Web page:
What it all gets down to is how large you consider the risk versus reward (extra cost of duplicate electronics).  If we do suffer a major EMP, in many respects the older electronics may do as well or better since there is less to go wrong with them.

In the event you missed it, here is the article on building a basic Faraday Cage:  How to Build a Simple Faraday Cage for EMP Survival.

Current Backdoor Survival Giveaways

The current giveaway is for a Flamelite BurnBox plus two alcohol burners and a bottle for storing alcohol.  The Flamelite also burns twigs and wood.  This is a terrific product; enjoy the review and enter to win!

Emergency Cooking with the Flamelite BurnBox + Giveaway

With all giveaways, winners are notified by email and have 48 hours to claim their prize or an alternate will be selected.  Once selected, the names of winners are also displayed in the Rafflecopter on the original giveaway article.  This usually happens on the Friday following the end of the giveaway. 

Are We Headed Toward a Cyber War?

With all of the weirdness going on, prepping for a cyber-attack should be high on your list.  (Here I am talking technology again.)  You know it and I know it.

To get a sense of what life may be like following a cyber-attack or even a cyber-war, you might want to read a couple of novels by Backdoor Survival contributor, Richard Earl Broome.  Between now and Sunday night, he has lowered the price on his first two novels to just 99 cents.  Here are some links:

Leaving The Trees (Leaving The Trees Journey Book 1)
Good Crazy (Leaving The Trees Journey Book 2)

You also might want to read the article Are We Headed Toward a Cyber War?

Replay Available:  Emergency Water Webinar

In case you missed it, for a limited time a replay of Wednesday’s Emergency Water webinar is available for viewing.  Even if you think you know everything there is to know about emergency water, you will find useful information that you may not have known about before.

Click Here:  Replay of the Backdoor Survival Emergency Water Webinar

For more information on water, you can also read Survival Basics: Water and Water Storage.

The Final Word

We had our first good rain in ages this week and I am positive that my garden will be thankful. On the other hand, the first tomatoes of the season are almost ready to pick and they are early.

I would love to hear how your gardens are doing.  Have they been adversely affected by the drought or the rain?

Enjoy your next adventure through common sense and thoughtful preparation!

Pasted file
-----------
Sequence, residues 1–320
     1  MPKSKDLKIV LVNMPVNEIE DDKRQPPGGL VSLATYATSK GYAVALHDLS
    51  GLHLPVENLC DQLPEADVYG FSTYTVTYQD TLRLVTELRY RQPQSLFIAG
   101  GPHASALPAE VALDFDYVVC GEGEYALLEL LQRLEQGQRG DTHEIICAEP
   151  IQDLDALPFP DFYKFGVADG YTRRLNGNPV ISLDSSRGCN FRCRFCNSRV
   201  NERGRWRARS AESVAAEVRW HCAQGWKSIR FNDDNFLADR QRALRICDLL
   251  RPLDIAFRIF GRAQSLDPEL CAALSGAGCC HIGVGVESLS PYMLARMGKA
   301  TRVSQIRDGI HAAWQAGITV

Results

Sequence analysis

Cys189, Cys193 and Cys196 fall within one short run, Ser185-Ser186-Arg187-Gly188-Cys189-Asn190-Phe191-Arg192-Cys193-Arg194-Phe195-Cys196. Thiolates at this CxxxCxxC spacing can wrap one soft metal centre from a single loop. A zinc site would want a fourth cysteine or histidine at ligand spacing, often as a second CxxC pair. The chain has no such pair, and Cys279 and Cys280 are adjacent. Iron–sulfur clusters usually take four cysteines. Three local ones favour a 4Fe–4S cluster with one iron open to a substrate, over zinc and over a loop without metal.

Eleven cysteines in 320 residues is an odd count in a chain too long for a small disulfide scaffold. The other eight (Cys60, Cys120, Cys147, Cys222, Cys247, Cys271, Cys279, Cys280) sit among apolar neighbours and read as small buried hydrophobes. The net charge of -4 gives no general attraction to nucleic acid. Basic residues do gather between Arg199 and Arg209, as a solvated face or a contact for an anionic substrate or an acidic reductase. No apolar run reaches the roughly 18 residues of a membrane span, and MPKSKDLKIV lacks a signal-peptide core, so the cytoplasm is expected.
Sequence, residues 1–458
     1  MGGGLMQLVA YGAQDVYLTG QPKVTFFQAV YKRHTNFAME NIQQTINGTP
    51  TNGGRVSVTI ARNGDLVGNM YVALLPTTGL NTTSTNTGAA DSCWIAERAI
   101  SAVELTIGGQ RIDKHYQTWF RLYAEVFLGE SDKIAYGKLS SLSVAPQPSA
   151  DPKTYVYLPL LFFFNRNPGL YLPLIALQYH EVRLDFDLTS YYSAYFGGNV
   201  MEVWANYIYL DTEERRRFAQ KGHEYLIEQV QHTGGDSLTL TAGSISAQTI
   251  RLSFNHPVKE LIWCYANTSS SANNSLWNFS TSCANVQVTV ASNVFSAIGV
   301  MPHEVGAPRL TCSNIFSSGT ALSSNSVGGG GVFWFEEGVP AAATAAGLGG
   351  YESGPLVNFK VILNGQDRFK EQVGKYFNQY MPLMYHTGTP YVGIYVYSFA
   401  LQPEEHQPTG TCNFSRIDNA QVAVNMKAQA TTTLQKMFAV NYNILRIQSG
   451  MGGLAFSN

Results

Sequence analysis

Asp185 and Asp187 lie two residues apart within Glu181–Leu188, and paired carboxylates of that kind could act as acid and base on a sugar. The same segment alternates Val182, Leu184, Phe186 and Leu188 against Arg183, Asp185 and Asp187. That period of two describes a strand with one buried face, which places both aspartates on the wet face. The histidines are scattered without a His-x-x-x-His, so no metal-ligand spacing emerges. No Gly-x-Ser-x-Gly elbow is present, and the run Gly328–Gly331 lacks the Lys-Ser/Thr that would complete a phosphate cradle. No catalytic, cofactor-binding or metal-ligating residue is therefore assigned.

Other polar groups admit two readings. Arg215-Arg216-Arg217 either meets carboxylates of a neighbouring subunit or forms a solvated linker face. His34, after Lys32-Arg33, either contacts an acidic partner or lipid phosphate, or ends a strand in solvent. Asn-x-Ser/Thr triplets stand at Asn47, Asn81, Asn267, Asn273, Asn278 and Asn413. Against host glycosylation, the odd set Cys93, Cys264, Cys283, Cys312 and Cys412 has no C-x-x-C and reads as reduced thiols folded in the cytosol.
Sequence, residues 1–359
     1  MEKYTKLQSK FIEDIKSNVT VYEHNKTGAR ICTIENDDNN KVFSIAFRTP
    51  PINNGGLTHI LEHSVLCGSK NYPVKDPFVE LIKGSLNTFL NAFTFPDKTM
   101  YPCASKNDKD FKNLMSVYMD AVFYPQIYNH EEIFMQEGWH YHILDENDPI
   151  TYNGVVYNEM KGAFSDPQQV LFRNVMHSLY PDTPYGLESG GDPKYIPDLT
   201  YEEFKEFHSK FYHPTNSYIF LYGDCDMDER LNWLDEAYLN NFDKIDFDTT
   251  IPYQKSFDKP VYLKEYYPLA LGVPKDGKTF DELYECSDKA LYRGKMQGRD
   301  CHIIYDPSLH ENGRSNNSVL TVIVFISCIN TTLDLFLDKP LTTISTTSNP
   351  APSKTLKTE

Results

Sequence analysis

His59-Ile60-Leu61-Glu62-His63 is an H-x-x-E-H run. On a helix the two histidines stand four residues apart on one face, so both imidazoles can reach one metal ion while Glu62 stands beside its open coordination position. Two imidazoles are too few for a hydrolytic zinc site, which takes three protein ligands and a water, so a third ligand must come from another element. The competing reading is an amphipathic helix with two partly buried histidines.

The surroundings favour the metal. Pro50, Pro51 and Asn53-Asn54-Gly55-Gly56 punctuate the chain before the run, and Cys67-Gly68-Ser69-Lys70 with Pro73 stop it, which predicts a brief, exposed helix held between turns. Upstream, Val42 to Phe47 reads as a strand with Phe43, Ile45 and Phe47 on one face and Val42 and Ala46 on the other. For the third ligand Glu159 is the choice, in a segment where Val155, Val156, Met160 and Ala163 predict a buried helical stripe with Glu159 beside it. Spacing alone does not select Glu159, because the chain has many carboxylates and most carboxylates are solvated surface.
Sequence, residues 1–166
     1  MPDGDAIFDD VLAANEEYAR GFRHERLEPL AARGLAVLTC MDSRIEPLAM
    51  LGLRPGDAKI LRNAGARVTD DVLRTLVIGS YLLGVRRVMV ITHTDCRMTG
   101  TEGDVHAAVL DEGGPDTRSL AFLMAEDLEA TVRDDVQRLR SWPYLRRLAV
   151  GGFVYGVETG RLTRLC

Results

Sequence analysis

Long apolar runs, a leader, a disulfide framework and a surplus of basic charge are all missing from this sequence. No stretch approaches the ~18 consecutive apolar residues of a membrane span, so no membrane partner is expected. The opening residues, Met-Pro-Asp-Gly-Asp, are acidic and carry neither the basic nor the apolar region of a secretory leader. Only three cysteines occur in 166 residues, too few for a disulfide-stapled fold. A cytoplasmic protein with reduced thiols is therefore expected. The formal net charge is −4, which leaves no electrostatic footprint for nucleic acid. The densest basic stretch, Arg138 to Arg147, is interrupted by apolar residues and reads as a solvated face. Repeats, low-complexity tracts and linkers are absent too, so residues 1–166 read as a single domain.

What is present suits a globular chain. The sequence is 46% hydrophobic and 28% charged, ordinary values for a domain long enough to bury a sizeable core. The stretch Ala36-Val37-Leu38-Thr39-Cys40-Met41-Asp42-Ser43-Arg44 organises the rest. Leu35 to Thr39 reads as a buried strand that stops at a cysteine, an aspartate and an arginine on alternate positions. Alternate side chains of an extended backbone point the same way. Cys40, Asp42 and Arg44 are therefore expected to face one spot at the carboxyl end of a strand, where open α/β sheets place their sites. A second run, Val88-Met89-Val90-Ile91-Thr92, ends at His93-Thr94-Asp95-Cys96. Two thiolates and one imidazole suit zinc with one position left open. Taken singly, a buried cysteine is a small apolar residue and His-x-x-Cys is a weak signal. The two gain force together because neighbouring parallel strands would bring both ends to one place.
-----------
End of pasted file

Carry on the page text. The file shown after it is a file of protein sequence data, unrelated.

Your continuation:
Gaye

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Bargain Bin: For your discernment, a selection of items based upon today’s Survival Buzz.

Apricorn Notebook Hard Drive Upgrade Kit with USB 3.0 Connection:  I could not believe how easy it was to clone my hard drive using this cable and software combination.  The nice thing about it is that it can be used over and over again.  I am so thrilled that I just had to share.  In addition, this is the hard drive I purchased.  It is smoking fast! Seagate 1TB Laptop SSHD Drive.

Leaving The Trees and Good Crazy: These two novels by Richard Earl Broome might change what you think about the fallout from a cyber attack.  Each is currently on sale for 99 cents for the eBook version.  Recommended reading.

DryTec Calcium Hypochlorite, 1-Pound:  This is 68% Calcium Hypochlorite.  As of this writing, the price is under $10 with free shipping.  I purchased Ultima Pool ShockThe Sunday Survival Buzz #128   Backdoor Survival which is 73% Calcium Hypochlorite.  For more information, read How to Use Pool Shock to Purify Water.

AquaPod:   Have you considered storing water in your bathtub?  The AquaPod is a bladder that you can use in your bathtub to store water if you know that a storm, flood, or hurricane is brewing. (I call these “disruptive events”.)

LifeStraw Personal Water FilterThe Amazon Top Ten Most Wanted Survival and Outdoor Items   Backdoor Survival:  The LifeStraw is considered the most advanced, compact, ultra light personal water filter available. It contains no chemicals or iodinated resin, no batteries and no moving parts to break or wear out. It weighs only 2 oz.  making it perfect for the prepper. For more information, see my LifeStraw review.

Ultimate 55 Gallon Water Barrel Combo:  As of this writing, $109.95 which is a great deal. Everyone should have at least one.  Remember, if storing in your garage or on pavers, place the filled barrel on a wooden platform and not directly on the concrete.

Fluidmaster 400CR Toilet Fill Valve and Flapper Repair Kit:  Speaking of water, this is one of those items you don’t think of stockpiling but believe me, we now have a couple in reserve for emergency purposes.  Why fuss with adjusting a tank valve when you can replace the whole thing for less than $12 and 10 minutes of your time?